Last Updated: 2015-07-03 09:38:03 UTC
by Didier Stevens (Version: 1)
Quarantine files are produced by anti-virus programs. When an anti-virus detects a file (a positive), it will take action. A possible action is to put the detected file in quarantine: remove it from its actual location and store it in quarantine: a location where it can do no harm.
Quarantine files are a means to handle false positives: if a detection turns out to be a false positive, the file can be recovered from quarantine.
But for an analyst, quarantine files are also interesting in case of true positives: it allows us to recover and analyze the file. The anti-virus will have a function to restore the quarantined file, but this is not always ideal. For example, on a production server, you don't want to restore malware. Each anti-virus vendor has his own method to contain quarantined files. Many of them use a proprietary file format.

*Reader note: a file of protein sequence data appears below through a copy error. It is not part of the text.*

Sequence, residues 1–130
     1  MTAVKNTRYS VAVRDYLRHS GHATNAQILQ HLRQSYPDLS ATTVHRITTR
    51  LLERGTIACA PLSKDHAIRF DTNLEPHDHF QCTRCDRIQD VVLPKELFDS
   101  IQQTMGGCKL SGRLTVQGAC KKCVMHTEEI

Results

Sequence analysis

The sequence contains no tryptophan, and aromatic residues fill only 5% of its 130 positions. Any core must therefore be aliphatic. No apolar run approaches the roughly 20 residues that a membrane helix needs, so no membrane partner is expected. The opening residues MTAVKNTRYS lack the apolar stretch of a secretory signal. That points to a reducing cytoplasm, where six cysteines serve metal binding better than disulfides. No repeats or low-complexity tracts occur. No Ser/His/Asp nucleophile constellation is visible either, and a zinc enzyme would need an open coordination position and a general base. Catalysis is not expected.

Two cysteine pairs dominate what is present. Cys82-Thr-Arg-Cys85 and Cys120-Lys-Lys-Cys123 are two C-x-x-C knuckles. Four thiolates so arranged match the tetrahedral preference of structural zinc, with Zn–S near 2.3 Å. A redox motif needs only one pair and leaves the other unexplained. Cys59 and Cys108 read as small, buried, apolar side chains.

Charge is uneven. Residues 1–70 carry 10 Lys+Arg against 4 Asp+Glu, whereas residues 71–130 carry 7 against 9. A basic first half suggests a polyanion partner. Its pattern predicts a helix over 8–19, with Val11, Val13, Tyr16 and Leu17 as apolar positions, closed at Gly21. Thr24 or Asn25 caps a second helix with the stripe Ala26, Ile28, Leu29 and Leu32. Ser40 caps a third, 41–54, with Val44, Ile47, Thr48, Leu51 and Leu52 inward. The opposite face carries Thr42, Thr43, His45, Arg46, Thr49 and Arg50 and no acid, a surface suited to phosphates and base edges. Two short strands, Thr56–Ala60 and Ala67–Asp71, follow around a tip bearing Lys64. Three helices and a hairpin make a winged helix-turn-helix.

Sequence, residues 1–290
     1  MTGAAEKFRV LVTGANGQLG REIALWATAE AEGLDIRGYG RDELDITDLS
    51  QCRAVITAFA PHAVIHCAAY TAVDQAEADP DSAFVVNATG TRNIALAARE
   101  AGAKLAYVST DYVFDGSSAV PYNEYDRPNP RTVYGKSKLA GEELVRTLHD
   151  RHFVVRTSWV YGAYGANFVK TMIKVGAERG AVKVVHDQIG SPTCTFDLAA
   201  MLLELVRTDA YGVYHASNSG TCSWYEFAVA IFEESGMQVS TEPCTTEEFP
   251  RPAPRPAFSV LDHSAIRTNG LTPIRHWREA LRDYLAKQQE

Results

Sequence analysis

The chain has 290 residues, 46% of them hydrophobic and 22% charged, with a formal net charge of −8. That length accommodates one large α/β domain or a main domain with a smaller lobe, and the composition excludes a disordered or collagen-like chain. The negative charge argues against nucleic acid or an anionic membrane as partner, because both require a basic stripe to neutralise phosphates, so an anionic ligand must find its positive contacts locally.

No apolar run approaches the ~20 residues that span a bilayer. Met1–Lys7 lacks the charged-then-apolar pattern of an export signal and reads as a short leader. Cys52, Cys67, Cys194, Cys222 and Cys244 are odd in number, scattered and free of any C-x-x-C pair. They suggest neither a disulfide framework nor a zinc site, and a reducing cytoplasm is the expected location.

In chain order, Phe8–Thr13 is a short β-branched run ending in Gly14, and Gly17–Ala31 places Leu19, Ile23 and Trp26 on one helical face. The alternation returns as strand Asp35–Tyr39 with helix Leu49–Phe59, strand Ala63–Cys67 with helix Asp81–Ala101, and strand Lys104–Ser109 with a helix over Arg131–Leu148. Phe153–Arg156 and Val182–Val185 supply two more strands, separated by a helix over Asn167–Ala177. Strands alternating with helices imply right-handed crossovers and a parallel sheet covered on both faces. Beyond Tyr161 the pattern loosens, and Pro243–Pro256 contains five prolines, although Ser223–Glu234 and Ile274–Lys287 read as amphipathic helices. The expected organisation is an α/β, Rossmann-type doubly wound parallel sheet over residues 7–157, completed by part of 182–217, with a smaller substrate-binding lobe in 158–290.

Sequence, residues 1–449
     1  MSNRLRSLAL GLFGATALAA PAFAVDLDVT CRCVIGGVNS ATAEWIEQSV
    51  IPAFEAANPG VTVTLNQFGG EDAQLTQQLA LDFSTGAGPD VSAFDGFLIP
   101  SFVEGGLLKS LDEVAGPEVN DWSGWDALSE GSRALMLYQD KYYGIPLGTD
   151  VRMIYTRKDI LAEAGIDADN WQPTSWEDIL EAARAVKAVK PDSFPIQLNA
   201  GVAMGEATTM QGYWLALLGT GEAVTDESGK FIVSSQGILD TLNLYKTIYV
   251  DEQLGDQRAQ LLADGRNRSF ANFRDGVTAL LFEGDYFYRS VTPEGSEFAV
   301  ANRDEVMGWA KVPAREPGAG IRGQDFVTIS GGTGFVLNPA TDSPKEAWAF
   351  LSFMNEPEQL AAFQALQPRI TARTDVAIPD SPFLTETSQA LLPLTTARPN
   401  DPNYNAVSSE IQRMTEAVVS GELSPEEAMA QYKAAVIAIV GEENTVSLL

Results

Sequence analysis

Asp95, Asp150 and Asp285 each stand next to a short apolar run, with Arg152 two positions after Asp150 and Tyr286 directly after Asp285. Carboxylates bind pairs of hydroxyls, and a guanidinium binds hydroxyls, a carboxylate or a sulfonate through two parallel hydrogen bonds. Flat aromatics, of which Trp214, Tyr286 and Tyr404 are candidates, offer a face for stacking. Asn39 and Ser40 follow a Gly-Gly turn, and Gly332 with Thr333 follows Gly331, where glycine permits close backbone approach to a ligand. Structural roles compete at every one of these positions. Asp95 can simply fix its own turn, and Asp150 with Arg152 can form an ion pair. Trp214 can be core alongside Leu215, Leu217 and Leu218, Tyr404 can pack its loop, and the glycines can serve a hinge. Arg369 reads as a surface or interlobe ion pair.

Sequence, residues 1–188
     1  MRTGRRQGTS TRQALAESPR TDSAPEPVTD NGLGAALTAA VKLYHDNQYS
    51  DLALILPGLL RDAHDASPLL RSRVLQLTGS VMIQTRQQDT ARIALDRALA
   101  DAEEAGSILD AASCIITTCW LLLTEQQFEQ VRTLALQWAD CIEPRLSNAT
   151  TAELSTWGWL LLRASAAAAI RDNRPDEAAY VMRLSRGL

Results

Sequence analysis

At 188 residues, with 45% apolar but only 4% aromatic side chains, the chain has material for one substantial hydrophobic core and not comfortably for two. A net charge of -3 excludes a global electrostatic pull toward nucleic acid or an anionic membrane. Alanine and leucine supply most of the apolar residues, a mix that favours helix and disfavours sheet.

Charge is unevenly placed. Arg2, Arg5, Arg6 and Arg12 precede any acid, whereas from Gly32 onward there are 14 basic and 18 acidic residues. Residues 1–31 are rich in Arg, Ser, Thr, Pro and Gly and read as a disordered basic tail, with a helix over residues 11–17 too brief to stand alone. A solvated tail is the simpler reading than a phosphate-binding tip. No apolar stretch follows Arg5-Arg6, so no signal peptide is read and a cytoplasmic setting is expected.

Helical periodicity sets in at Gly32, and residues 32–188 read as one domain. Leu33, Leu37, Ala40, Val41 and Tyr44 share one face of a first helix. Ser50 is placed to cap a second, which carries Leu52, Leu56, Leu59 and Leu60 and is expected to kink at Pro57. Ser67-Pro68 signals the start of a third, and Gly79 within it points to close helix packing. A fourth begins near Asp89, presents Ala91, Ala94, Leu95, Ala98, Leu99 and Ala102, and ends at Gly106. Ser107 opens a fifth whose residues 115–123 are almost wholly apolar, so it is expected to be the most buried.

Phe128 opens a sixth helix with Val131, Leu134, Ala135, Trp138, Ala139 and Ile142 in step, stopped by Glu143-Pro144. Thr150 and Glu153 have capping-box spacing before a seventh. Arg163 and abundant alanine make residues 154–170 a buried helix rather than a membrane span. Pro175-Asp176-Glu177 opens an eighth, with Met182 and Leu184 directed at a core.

I want to take the opportunity of this diary entry to highlight a tool to handle McAfee quarantine files. On Windows, McAfee quarantine file can be found in the quarantine folder. They have extension .bup. punbup is a tool written by @herrcore to handle .bup files. It allows you to view the anti-virus report produced for this detection (-d), it can give you the hashes of the quarantined files (-c) and it can also extract them to disk. I have also contributed to this free open-source tool by adding options to dump the quarantined files to screen (-x hexdump and -a ascii dump).
You will notice that this Python program requires a module: olefile. That's right, McAfee uses the Compound File Binary Format (aka ole files) to store quarantined files. So you can also use my oledump tool to work with .bup files, an upcoming diary entry will focus on this.
If you know tools to process quarantine files from other anti-virus vendors, please post a comment.